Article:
August 4, 2011
Golden Syrup Dumplings
What do you think of when you see this?
I bet it's not gorgeous fluffy dumplings is it?
Suet is a very old-fashioned fat that has rather gone out of vogue in today's low fat, low cholesterol, low carb society. Fortunately no one in my family suffers from high cholesterol so I am not afraid!
I remember riding my bike to the butchers to buy suet so my dad could make us these when I was little, and wondering what he'd do with it. Most butchers who break down their own meat should have it available.
This time the suet didn't actually cost me anything, when I asked my friendly market butcher for some he happily gave me an enormous amount for free. He said that pig and chicken fat were quite valuable, but not beef. Beef suet is a lovely creamy colour that sort of 'flakes' as you pull it apart. It doesn't smell, or have any blood, and usually comes from around the kidneys of the animal. It certainly doesn't add any beefiness to the dumplings, but when you use it in pastry it gives a lovely crisp shell that is quite firm and can be used beautifully for pies.
Anyway, I only needed 100grms, so my doggie happily gobbled the rest. I considered freezing it, but had a vision of someone pulling out a frozen lump of fat and trying to defrost for dinner before realising what it was. So I didn't.
100 grms of suet- yes you could use butter if you must :)
200 grms of SR gfree flour
2 Tablespoons brown sugar
100 ml water
Good pinch of salt
1/2 cup golden syrup
1/2 cup brown sugar
3 cups water
1 tablespoon lemon juice
Finely grate the suet. I used a microplane to give lovely thin shavings- the smaller the better.
Mix the flour, sugar, zest and salt into the suet and rub together well.
Add the egg and most of the water- you may need a little more or less as gfree flours can absorb more than 'normal' flours, and mix together to clump.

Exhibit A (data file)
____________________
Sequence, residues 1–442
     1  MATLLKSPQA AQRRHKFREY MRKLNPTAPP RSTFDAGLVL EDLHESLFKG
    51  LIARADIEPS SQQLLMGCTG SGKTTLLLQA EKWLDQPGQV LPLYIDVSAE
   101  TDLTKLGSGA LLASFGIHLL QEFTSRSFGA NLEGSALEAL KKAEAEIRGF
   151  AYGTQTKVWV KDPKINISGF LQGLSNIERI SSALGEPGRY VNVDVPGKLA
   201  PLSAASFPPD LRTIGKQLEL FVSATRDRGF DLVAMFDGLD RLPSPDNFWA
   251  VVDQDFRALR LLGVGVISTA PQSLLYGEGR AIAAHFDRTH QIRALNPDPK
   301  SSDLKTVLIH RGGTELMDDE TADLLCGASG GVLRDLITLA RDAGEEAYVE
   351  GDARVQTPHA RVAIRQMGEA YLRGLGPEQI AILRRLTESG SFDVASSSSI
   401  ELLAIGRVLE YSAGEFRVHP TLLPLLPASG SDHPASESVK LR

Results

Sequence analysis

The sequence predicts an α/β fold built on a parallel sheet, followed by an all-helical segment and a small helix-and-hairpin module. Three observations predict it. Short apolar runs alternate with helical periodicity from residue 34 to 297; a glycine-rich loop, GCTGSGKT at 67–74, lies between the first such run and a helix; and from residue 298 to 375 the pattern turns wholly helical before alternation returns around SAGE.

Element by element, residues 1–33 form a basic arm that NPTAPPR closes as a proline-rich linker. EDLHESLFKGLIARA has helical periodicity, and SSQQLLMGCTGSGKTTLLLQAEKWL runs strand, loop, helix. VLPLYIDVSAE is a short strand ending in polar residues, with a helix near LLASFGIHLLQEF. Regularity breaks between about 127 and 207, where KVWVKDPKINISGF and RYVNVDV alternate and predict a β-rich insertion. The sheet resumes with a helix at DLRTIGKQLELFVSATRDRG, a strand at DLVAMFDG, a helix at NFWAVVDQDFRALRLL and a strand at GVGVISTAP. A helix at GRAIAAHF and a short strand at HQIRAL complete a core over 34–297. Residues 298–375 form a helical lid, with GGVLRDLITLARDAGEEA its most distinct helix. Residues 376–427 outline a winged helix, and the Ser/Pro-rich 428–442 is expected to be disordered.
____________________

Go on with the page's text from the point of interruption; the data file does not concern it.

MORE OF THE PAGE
Turn out and knead lightly. You're after a nice smooth dough that's not sticky or dry. It should be elastic and pliable.
Split the dough in half, then cut into 8 pieces each, they should be about the size of a whole walnut. Don't make them too big or they won't cook through and be gluggy.
Carefully add the little dumplings, let the sauce come back up to boil then put on the lid and turn the temperature down so they just simmer away.
Simmer for 10 minutes, then lift the lid and turn them over. Pop the lid back on and simmer for 10 more minutes.
Check one of the dumplings, they should be dry and fluffy inside. If they're still doughy let them cook a bit longer. Don't let them boil away too long though or they'll start to break down and absorb too much of the sauce.
Pull the dumplings out and serve them hot drizzled with sauce and a scoop of lactose free vanilla ice cream or cream.
If you like you can quickly reduce the sauce by boiling it vigorously for a few minutes and it will become thicker- but be careful as it'll get sweeter too.
These were really yummy, but boy o boy they were sweet! I reduced my sauce and I wish I hadn't. Even my dessert expert littlej couldn't finish her sauce and we really needed that icecream to cut through it all. Don't say I didn't warn you!
So my Readers Dear, have you ever cooked with suet before, or does the idea of it put you off?